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How can we have a more constructive conversation about education?

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Part 1 of this series, “The state of K-12 education is miscommunication,” described how two recent conferences illustrate the divide in American K-12 education between education professionals and those outside the field. This post looks at the educator’s perspective and offers advice for all sides moving forward.

The educators I talk to speak mainly about their passion for helping young minds find a love of learning. They also talk of feeling stressed out, juggling too much responsibility, fearing layoffs, being required to practice methods they don’t support and having criticism heaped on them from every quarter — whether it be unsupportive parents, critical administrators and education vendors who fail to provide adequate product training.

Educators are developing a bunker mentality from feeling constantly under siege. We are in a new era of accountability in K-12 education, and many educators feel that the criteria for success are arbitrary, measure the wrong things, and — in the worst cases — are bad for kids.

It strikes me that our current discourse isn’t very productive. Everyone agrees that there are challenges in education, but disagreement about the best path forward is preventing us from looking at the problem in the same way. For what it’s worth, here’s my advice for having a better conversation about education.

To educators:

  1. Lose the defensiveness. I frequently hear educators say, “Everyone thinks he is an expert on education because he went through the K-12 system.” That’s true, insofar as it goes, but it isn’t helpful. It’s a rhetorical trick, meant to shut down debate by discrediting the non-educator who ventures an opinion. Moreover, it misses the point. One needn’t be a concert violinist to hear a sour note struck in a symphony — just as one needn’t be a teacher to see areas in need of improvement in the education system.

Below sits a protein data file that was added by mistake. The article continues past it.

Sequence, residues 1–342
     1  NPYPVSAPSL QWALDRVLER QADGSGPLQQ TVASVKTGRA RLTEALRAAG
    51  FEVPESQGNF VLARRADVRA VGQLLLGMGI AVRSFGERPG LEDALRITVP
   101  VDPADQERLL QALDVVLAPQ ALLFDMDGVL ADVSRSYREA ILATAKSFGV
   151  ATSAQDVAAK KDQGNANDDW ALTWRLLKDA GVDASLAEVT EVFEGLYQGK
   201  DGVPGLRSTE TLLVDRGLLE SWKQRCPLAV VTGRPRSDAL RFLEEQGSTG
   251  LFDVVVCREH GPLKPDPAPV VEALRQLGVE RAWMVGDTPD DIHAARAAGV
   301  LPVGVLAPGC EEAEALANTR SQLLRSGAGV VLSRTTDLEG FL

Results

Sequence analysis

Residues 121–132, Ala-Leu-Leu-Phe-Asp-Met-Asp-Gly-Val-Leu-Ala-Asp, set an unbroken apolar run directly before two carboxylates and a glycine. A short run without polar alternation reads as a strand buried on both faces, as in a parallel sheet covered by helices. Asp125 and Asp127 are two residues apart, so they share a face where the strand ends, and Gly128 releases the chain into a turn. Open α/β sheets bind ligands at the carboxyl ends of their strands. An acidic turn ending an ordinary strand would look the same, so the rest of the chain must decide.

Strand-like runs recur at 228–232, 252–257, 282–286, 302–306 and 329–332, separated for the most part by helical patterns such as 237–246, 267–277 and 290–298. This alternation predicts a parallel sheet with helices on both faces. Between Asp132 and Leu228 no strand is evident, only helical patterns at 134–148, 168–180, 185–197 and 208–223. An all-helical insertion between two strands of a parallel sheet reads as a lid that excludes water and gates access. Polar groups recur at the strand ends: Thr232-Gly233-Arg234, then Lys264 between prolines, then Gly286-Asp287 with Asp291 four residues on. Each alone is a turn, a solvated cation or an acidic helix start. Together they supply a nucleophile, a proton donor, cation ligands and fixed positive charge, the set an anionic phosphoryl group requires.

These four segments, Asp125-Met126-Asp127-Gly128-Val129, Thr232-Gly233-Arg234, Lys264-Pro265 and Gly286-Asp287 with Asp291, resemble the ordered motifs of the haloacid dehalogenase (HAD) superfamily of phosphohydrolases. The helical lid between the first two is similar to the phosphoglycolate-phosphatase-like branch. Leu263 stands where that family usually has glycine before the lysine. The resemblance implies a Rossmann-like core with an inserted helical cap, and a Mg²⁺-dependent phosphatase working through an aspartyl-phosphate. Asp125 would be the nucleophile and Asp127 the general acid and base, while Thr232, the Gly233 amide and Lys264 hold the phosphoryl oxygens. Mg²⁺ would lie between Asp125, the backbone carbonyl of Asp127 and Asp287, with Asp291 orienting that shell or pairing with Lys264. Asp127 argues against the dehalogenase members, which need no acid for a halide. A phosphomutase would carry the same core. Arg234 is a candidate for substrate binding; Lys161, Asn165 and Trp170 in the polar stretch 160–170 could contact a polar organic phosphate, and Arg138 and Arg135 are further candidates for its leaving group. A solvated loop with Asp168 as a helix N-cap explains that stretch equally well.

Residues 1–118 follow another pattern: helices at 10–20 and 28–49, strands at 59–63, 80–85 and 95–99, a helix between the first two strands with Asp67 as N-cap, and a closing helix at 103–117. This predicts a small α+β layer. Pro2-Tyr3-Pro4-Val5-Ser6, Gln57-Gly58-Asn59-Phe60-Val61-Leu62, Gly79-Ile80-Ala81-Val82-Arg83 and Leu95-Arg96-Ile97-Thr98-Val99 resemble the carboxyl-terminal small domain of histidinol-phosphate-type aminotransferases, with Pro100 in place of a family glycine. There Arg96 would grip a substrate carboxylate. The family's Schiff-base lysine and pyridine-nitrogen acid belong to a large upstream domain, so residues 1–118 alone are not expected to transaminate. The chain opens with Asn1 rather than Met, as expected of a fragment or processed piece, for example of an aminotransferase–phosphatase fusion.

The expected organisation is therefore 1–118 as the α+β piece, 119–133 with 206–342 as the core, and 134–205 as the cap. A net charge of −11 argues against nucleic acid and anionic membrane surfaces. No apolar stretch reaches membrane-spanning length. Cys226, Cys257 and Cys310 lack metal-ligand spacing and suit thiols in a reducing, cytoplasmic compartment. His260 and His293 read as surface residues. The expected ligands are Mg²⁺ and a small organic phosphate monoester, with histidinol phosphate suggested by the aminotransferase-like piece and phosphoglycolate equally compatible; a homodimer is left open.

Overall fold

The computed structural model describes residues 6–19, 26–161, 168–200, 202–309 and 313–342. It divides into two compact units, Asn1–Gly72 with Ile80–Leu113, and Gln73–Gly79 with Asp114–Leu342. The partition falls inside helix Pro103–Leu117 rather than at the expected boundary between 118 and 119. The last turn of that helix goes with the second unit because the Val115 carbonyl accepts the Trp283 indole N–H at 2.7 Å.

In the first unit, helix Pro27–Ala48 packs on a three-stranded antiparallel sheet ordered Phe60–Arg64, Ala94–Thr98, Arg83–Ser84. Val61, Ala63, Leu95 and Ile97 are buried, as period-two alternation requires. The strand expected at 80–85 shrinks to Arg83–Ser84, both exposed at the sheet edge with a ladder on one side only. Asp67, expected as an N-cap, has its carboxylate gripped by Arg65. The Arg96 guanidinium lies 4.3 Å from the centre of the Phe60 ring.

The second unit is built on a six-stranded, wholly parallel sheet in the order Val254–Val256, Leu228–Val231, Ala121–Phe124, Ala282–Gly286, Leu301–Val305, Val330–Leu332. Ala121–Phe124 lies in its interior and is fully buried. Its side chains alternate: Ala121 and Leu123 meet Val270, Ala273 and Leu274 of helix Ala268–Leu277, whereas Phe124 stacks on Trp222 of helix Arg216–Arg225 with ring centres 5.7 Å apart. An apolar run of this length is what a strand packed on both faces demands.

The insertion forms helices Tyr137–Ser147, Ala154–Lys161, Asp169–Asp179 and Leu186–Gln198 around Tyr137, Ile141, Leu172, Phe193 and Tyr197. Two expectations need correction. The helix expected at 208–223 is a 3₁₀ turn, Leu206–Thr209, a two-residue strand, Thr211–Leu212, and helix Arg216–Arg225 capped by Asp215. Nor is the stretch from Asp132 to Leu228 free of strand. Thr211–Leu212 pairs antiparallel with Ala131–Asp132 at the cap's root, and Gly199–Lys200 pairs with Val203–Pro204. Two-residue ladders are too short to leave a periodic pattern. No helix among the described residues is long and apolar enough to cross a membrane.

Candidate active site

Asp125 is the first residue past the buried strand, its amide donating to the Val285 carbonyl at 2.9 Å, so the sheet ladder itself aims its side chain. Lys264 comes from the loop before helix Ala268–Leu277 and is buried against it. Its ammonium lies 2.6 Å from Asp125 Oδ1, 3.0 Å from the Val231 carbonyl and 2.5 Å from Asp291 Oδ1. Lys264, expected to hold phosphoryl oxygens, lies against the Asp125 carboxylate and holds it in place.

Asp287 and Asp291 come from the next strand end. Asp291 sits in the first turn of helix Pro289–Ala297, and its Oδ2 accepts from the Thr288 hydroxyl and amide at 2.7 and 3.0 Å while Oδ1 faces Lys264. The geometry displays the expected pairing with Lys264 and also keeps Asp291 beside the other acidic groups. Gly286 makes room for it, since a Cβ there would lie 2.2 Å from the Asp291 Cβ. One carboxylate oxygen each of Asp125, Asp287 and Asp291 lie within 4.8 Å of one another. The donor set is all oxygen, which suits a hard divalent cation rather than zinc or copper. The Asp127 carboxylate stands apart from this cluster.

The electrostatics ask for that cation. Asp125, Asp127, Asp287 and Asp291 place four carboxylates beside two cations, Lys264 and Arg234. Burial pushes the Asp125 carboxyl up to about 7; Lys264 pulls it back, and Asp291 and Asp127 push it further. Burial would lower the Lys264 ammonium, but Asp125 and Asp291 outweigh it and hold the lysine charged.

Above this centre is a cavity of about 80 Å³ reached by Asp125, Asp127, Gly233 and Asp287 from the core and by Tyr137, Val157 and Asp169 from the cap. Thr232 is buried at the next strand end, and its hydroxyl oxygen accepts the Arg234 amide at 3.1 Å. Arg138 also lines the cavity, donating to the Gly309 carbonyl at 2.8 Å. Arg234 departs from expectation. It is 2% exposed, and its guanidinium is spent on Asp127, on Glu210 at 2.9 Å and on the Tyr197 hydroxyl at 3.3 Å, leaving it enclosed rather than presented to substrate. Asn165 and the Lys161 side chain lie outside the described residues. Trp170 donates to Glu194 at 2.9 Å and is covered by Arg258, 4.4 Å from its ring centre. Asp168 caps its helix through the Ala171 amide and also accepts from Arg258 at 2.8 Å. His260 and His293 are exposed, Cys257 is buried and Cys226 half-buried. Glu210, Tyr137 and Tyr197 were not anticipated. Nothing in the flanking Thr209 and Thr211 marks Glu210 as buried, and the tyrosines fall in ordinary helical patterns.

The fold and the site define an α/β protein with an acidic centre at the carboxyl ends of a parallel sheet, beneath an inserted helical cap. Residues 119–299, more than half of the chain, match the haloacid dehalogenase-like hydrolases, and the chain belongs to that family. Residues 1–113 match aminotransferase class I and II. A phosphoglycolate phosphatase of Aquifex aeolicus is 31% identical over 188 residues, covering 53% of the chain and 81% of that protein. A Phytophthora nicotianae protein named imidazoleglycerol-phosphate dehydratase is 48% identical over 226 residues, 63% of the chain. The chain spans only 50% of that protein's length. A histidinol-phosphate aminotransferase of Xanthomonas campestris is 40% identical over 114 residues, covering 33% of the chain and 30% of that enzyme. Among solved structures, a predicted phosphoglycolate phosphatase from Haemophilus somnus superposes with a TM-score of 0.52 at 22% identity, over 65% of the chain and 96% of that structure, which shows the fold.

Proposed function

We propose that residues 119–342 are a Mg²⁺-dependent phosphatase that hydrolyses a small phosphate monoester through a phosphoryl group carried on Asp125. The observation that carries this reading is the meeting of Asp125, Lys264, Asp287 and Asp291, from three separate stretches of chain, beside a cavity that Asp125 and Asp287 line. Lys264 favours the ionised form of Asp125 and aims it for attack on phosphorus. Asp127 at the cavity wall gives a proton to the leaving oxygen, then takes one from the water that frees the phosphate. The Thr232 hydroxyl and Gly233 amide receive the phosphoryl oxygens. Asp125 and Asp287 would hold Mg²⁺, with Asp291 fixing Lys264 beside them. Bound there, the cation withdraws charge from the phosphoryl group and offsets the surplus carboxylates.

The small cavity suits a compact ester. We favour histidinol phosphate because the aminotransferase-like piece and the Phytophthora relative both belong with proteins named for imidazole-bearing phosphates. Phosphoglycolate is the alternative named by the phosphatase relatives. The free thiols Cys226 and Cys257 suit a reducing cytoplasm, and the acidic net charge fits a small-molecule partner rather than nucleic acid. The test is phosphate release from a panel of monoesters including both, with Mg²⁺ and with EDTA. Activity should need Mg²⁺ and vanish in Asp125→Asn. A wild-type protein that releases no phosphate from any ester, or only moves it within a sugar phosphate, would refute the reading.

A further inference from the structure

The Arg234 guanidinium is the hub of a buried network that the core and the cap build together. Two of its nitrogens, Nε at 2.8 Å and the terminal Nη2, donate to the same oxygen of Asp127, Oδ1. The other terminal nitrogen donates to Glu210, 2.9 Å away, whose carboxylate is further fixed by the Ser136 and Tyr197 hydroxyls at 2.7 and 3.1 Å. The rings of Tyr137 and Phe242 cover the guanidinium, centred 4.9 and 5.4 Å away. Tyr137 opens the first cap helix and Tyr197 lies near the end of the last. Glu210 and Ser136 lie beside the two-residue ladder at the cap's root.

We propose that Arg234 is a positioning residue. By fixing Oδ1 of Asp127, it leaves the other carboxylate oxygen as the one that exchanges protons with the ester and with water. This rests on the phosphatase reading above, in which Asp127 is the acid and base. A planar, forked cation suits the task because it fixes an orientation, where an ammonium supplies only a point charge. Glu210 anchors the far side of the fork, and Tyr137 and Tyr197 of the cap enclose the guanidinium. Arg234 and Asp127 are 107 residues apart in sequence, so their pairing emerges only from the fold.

2. If you want teaching to be treated like a profession, be a professional. This means knowing your customer — the child, and her parent, of course. Society is also your customer. That cute seventh-grader will need skills and a job; the hiring managers of corporate America are your customer. Listen to their feedback.

To corporate stakeholders:

  1. Lose the glibness. If there were easy fixes to be had in education, someone other than you would have suggested it.
  2. Have some respect. Teaching is probably the single most important profession, as it makes all others possible. The data show that it’s also one of the most stressful professions, with one of the highest rates of turnover. We feel respect for other careers that are deemed to be both important and difficult (think air-traffic controllers). Teaching should not be the exception.
  3. That means listening to teachers, and taking their collective voice seriously. If enough teachers tell you a thing won’t work, pay attention.

Lastly, for anyone who cares about education or has an opinion, get involved. Don’t be an armchair quarterback. Volunteer, donate, run for school board. Put up, don’t shut up. Because what we really need are educators and non-educators talking to each other, sharing perspectives and identifying common goals. We each have an interest in having a healthy, dynamic, world-leading workforce. We will never agree on every detail for achieving that goal, but let us at least agree that a collective effort will afford the best chance of succeeding.